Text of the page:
Digital repository of Slovenian research organisations

Search the repository
A+ | A- | Help | SLO | ENG

Query: search in
search in
search in
search in
Research data


Query: "author" (Mrak Tanja) .

1 - 10 / 18
First pagePrevious page12Next pageLast page
Towards fine root identification key of common tree species
Tanja Mrak, Peter Železnik, Jožica Gričar, Hojka Kraigher, 2014

DiRROS - Published: 12.07.2017; Views: 2239; Downloads: 1028
.pdf Fulltext (4,84 MB)
This document has many files! More...

Vpliv suše na drobne korenine dreves in ektomikorizo v gozdnih ekosistemih
Tanja Mrak, Hojka Kraigher, 2019

Abstract: Sušni stres sproži tako pri drobnih koreninah dreves kot pri ektomikoriznih glivah številne spremembe na različnih nivojih. Drevesa se branijo pred sušo z mehanizmi izogibanja in tolerance. Suša lahko vpliva na kolonizacijo z ektomikoriznimi glivami in na strukturo ektomikorizne združbe. Pomembno vlogo pri preživetju mladja ob suši imajo skupne micelijske mreže. Ob zmerni suši je kolonizacija z ektomikoriznimi glivami večja kot ob ekstremni suši, kar ima za drevo številne pozitivne učinke. V sušnih razmerah se pogosto še posebej poveča pogostnost ektomikorizne vrste Cenococcum geophilum Fr., ki omogoča, da drobne korenine ostanejo funkcionalne in takoj po končanem sušnem obdobju pričnejo z absorpcijo vode. V sušnih razmerah se poveča tvorba težko razgradljivih molekul v koreninah (lignin), prav tako pa se težko razgradljive molekule (melanin) tvorijo tudi pri ektomikorizni vrsti C. geophilum, kar prispeva h kopičenju težko razgradljivih organskih snovi v tleh.
Keywords: globalne spremembe, drobne korenine, mikorizne glive, prilagoditve, organska snov v tleh
DiRROS - Published: 29.11.2019; Views: 3729; Downloads: 1365
URL Fulltext (0,00 KB)
This document has many files! More...

Cultural ecosystem services provided by the biodiversity of forest soils : a European review
Jurga Motiejunaite, Isabella Børja, Ivika Ostonen, Mark Bakker, Brynhildur Bjarnadottir, Ivano Brunner, Reda Iršenaite, Tanja Mrak, Edda Oddsdottir, Tarja Lehto, 2019

Abstract: Soil is one of the most species-rich habitats and plays a crucial role in the functioning of terrestrial ecosystems. It is acknowledged that soils and their biota deliver many ecosystem services. However, up to now, cultural ecosystem services (CES) provided by soil biodiversity remained virtually unknown. Here we present a multilingual and multisubject literature review on cultural benefits provided by belowground biota in European forests. We found 226 papers mentioning impact of soil biota on the cultural aspects of human life. According to the reviewed literature, soil organisms contribute to all CES. Impact on CES, as reflected in literature, was highest for fungi and lowest for microorganisms and mesofauna. Cultural benefits provided by soil biota clearly prevailed in the total of the reviewed references, but there were also negative effects mentioned in six CES. The same organism groups or even individual species may have negative impacts within one CES and at the same time act as an ecosystem service provider for another CES. The CES were found to be supported at several levels of ecosystem service provision: from single species to two or more functional/taxonomical groups and in some cases morphological diversity acted as a surrogate for species diversity. Impact of soil biota on CES may be both direct % by providing the benefits (or dis-benefits) and indirect through the use of the products or services obtained from these benefits. The CES from soil biota interacted among themselves and with other ES, but more than often, they did not create bundles, because there exist temporal fluctuations in value of CES and a time lag between direct and indirect benefits. Strong regionality was noted for most of CES underpinned by soil biota: the same organism group or species may have strong impact on CES (positive, negative or both) in some regions while no, minor or opposite effects in others. Contrarily to the CES based on landscapes, in the CES provided by soil biota distance between the ecosystem and its CES benefiting area is shorter (CES based on landscapes are used less by local people and more by visitors, meanwhile CES based on species or organism groups are used mainly by local people). Our review revealed the existence of a considerable amount of spatially fragmented and semantically rich information highlighting cultural values provided by forest soil biota in Europe.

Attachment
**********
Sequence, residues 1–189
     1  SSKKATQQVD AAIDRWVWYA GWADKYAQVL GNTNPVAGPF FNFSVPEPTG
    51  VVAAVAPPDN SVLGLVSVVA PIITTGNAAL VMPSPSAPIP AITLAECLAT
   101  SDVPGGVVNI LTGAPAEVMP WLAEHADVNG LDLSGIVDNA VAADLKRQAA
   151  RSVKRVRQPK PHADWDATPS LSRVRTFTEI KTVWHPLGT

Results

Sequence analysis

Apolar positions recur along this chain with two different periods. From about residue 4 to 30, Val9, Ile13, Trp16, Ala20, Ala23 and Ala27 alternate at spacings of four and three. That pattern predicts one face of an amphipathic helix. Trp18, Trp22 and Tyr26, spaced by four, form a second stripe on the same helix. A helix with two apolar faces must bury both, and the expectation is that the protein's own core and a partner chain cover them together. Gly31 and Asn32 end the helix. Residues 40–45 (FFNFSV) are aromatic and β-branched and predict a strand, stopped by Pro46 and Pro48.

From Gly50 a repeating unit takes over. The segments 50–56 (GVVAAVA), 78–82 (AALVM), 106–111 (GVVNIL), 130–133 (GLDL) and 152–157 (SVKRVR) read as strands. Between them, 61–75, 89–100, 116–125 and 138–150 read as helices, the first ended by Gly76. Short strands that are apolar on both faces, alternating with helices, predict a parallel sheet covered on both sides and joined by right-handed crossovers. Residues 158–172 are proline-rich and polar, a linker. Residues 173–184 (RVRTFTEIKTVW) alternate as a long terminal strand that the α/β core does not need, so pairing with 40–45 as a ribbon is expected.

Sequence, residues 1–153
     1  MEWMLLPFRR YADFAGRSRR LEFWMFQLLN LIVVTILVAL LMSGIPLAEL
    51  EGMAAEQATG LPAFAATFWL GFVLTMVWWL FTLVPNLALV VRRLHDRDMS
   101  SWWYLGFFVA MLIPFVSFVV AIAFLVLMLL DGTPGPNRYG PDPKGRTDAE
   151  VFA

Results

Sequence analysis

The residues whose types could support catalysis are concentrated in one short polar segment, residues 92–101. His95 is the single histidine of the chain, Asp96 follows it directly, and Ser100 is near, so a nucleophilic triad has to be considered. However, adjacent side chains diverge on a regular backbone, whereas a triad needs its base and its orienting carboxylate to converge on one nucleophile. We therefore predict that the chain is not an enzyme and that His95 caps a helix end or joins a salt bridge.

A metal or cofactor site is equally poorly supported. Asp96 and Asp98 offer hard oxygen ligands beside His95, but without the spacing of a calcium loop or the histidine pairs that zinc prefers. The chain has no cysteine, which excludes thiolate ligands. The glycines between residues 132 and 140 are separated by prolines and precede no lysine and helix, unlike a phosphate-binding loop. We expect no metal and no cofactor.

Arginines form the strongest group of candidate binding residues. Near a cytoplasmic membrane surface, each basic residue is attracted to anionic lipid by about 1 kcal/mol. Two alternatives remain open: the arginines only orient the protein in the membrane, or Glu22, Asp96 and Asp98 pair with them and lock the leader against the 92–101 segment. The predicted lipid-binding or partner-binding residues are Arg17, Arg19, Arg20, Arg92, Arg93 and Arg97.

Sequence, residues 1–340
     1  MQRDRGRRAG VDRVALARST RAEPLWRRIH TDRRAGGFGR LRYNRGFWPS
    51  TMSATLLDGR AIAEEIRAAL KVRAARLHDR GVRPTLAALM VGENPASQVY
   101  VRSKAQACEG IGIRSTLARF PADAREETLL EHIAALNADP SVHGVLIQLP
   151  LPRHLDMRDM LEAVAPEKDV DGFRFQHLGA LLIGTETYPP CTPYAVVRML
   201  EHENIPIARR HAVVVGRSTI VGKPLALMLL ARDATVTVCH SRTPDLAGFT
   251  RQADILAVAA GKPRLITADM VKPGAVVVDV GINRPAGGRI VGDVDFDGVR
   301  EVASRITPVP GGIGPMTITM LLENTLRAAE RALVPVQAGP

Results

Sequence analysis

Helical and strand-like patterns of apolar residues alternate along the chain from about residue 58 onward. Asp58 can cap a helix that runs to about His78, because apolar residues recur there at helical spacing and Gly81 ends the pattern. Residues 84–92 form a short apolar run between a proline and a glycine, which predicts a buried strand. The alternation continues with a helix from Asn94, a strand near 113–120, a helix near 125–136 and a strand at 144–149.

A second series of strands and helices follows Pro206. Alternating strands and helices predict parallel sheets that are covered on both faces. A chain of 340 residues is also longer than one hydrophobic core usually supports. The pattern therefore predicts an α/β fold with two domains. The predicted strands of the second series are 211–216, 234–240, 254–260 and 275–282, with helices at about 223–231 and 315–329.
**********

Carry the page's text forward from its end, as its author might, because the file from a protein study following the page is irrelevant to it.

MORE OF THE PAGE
Keywords: soil biota, forests, soil ecosystem services, Europe
DiRROS - Published: 20.02.2020; Views: 1173; Downloads: 567
.pdf Fulltext (316,79 KB)
This document has many files! More...

Search done in 0 sec.
Back to top